Exercise For Your Oral Health! [BLOG]
We’re in the prime time of summer, and that means more and more people are rededicating themselves to staying in shape for swimsuit season. If you’re one of those people seeking to improve your lifestyle for the sake of better health, our Salem, OR dental team applauds your efforts!
We understand how tough it is to get back to the gym after a long hiatus. Making healthier choices in terms of your diet and your level of physical activity are really hard to adopt if you’re not used to it. But all the effort will inevitably pay off for you in the long run.
As you recommit to this journey toward better health, Dr. Hanson and our team at the Oregon Smile Care Center want you to know you can count on our team for help.
That’s right! You might be surprised to know that working out isn’t just affecting your body. Yes, you have to deal with the sore muscles and trimming the body fat, but your exercise also has an impact on your teeth and gums. Today’s blog takes a closer look at what that impact is, so keep reading!
How Exercise Can Affect Your Gums
What Does The Research Say?
Would you be shocked to learn that there’s a statistical relationship between your physical activity and gum disease? It’s true. A study from roughly a decade ago published in the Journal of Periodontology, and one that was repeated about five years later and published in the same journal, showed that participants who engaged in a healthy level of consistent exercise had a lower risk for developing gum disease.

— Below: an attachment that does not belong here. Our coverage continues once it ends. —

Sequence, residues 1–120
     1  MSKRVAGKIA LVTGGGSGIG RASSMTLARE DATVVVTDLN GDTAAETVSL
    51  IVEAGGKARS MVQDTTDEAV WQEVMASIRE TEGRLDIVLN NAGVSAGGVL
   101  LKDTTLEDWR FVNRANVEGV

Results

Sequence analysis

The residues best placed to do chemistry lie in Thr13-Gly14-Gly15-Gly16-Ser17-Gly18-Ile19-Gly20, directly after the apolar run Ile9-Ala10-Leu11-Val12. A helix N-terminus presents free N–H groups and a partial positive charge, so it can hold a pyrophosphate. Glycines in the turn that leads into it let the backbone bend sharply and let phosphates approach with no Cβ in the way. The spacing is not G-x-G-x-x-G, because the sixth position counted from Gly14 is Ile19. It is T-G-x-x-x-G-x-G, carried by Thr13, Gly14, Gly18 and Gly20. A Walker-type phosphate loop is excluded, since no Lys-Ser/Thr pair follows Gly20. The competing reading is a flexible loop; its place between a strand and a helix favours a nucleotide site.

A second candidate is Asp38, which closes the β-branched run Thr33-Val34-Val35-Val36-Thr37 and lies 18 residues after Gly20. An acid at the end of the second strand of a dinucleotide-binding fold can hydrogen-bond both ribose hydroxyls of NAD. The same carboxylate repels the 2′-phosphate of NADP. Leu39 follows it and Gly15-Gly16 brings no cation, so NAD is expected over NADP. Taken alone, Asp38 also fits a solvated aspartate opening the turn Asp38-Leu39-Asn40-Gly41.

What Does This Research Mean?
Researchers would love to be able to point to these two studies and conclude with certainty that exercising can help keep gum disease from wreaking havoc on your oral and overall health. We wouldn’t necessarily disagree with that conclusion. After all, it’s pretty telling that the same type of study was repeated years later rendering the same results.
How Exercise Can Affect Your Teeth
Don’t be so quick to grab those keys and head to the gym, though!
It turns out, according to another study published by the Scandinavian Journal of Medicine & Science in Sports, seems to suggest that too much intense exercise can really do a number on your teeth. It’s hard to believe that exercise would have any kind of negative impact on your smile, but the key thing to remember here is that the study showed it was excessive intense workouts, by athletes in particular, exhibited weaker tooth enamel than the sedentary participants in the study.
One of the contributing factors to this, researchers say, is that when you workout, your saliva production will be affected. Your saliva is one of the things that offers a protective layer to your teeth, helping your enamel stay strong. Without it, your enamel can weaken over time and increase your risk of tooth decay as a result.
Another possible reason for this connection is that athletes, in general, tend to drink sports drinks that contain a surprisingly high amount of added sugar. Sugar is the food all that bad bacteria in your mouth use to grow and take up residence in your mouth to cause cavities, decay, and infections.
So What Should You Do?
First, we want you to understand that the research on the impact exercise has on your smile is still in its infancy. More research needs to be done in order to show a strong causal relationship between your workouts and the health of your teeth and gums.
But the initial studies show that there is some kind of connection happening there. We recommend that you exercise for good health overall and for the sake of your gums. But you shouldn’t overdo the exercise routine in order to keep your teeth strong, too. It’s all about balance.
Dr. Hanson and our team at the Oregon Smile Care Center are the dental professionals you should trust when it comes to your best oral health. We’re happy to help you achieve that no matter your activity level. Our experienced hygienists, along with Dr. Hanson, will do all we can to make sure your smile gets and stays healthy and beautiful.
Don’t put it off until tomorrow. Call our Salem dental office TODAY at (503) 809-4784 or fill out our online form to schedule an appointment.